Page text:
BTW – have you checked out the figures for the Rada vote yet, as suggested?

  71. Non-interference

    2 Mar, 2014 - 6:28 pm

    N_, considering how the UN Charter makes use or threat of force a single thing, the implication ought to be that ‘nuclear’ modifies both.

    But what that means is that Ukraine will be protected from nuclear attacks or threats. Putin’s not threatening to nuke them.

    The takeaway message of Craig’s post for me is that the NATO bloc should suck it up and resort to pacific resolut

  72. Non-interference

    2 Mar, 2014 - 6:29 pm

    oops ion of disputes. They hate that shit, but there’s nothing else they can do.

  73. Habbabkuk (La vita è bella!

    2 Mar, 2014 - 6:35 pm

    N_

    zzzzzzzzzzz

    with repect, obviously!

  74. Habbabkuk (La vita è bella!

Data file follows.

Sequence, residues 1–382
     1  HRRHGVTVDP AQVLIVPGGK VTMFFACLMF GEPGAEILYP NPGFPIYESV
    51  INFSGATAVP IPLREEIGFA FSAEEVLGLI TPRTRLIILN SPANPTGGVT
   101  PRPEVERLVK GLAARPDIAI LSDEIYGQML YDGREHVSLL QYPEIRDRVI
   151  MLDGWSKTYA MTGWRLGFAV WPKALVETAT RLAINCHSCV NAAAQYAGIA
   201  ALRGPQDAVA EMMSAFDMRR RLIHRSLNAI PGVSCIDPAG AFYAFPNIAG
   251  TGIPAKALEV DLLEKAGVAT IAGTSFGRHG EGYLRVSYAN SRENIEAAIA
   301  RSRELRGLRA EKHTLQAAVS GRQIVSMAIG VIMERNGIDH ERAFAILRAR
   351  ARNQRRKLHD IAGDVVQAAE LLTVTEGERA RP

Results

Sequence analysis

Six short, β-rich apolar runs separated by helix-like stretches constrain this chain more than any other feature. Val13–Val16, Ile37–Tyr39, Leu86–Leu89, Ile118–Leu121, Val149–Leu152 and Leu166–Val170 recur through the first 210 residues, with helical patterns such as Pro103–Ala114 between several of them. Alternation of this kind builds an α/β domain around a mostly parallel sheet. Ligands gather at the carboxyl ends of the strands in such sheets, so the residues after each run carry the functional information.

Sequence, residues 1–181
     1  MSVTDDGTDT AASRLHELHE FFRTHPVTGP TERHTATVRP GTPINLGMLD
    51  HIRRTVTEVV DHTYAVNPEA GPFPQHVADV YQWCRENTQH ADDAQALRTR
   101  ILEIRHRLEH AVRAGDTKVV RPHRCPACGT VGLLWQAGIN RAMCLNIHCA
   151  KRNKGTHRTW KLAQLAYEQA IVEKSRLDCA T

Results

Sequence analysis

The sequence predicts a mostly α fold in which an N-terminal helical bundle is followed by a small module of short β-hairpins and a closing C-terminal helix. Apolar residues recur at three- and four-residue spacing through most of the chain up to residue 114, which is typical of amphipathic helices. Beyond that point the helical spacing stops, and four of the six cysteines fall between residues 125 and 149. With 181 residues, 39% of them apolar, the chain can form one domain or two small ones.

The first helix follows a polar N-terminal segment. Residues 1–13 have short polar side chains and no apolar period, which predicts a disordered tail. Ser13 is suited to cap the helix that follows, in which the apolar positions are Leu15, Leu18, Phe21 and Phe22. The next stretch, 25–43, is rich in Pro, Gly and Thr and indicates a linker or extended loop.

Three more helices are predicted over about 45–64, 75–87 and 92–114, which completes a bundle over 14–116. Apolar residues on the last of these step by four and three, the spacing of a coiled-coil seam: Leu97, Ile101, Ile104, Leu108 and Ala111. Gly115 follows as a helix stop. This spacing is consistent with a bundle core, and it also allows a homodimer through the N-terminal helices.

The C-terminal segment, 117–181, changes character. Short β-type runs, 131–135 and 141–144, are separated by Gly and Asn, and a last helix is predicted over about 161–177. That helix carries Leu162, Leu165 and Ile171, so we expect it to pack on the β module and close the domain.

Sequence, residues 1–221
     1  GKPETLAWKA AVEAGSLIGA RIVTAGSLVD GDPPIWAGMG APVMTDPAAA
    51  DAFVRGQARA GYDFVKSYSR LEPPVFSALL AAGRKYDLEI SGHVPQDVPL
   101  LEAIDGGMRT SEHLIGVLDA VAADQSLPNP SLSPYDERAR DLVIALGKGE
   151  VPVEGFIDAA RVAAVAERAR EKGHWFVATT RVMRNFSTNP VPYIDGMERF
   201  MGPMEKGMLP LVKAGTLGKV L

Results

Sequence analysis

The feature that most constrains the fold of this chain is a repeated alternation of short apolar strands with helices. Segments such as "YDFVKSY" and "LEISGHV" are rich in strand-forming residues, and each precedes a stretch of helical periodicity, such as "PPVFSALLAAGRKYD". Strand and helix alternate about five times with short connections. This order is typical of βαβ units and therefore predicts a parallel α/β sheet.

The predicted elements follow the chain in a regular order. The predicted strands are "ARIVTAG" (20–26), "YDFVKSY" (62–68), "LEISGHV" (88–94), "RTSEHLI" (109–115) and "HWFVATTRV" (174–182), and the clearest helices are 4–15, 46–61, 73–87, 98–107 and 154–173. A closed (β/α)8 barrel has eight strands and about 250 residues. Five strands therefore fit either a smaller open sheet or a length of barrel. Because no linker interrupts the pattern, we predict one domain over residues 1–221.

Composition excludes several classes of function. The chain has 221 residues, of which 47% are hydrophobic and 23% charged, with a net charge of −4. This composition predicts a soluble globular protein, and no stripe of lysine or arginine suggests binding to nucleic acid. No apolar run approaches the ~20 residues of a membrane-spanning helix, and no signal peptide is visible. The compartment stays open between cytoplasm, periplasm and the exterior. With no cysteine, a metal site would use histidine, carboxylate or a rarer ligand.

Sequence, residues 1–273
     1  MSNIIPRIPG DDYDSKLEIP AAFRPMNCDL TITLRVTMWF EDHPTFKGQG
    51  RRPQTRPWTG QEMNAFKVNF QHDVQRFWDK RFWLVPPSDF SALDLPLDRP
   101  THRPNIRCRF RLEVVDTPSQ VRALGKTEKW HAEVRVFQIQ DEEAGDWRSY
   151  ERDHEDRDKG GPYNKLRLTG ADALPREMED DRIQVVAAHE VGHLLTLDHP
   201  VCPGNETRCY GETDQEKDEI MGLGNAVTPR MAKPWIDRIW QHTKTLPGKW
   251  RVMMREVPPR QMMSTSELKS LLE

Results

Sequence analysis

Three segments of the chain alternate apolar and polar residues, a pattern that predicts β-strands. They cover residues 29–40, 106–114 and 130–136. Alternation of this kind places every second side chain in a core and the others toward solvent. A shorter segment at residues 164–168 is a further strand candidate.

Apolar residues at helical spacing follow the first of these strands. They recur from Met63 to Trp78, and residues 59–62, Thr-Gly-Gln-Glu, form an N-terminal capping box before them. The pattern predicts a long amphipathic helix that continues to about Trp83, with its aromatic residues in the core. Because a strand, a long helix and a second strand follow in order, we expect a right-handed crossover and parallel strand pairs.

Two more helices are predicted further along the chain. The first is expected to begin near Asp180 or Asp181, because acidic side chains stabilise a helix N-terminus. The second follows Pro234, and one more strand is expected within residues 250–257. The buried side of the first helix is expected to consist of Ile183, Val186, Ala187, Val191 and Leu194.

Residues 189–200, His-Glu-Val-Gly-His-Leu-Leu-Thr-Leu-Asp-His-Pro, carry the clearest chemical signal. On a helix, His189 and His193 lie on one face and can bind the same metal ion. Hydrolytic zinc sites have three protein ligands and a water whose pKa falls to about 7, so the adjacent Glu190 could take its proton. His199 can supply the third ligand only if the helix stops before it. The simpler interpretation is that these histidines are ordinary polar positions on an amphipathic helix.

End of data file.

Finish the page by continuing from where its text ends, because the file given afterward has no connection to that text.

2 Mar, 2014 - 6:37 pm

    with reSpect, obviously!

    I underestimated your soporific effect.

  75. Is south Ossetia now safe from NATO interference via Georgia? or was that just a summer cake walk? nothing to do with us, oh no Gov. nowt to do with the west.

    So if Georgia is not strong enough to help itself to south Ossetia than NATO will help, will it?

    Tartarstan Tuerks related to the Crimean are demonstarting in Ankara.

    here is the latest freely translated, comments in brackets are mione
    18:36 The white house tells us that ‘president Obama will work on the Ukraine crisis all sunday and shall correspond with allies by phone

    18:37 A few hundred of proptesters in Berlin were marching with Ukrainian flags and protesting against Putins military actions visavis Ukraines problems. (were did they get all those flags from on a sunday) Plakats showed and reminded the public of Russias record of military interventions, they said “DDR 1953, Ungarn 1956, Tschechoslowakei 1968, Afghanistan 1979, Georgien 2008, Ukraine 2014?”

  76. Resident Dissident

    2 Mar, 2014 - 6:45 pm

    Trowbridge H Ford

    And you don’t think that Putin’s support for the corrupt Yanukovych and his constant meddling in Ukrainian affairs for many many years might not also have stoked up things just the teeniest little bit?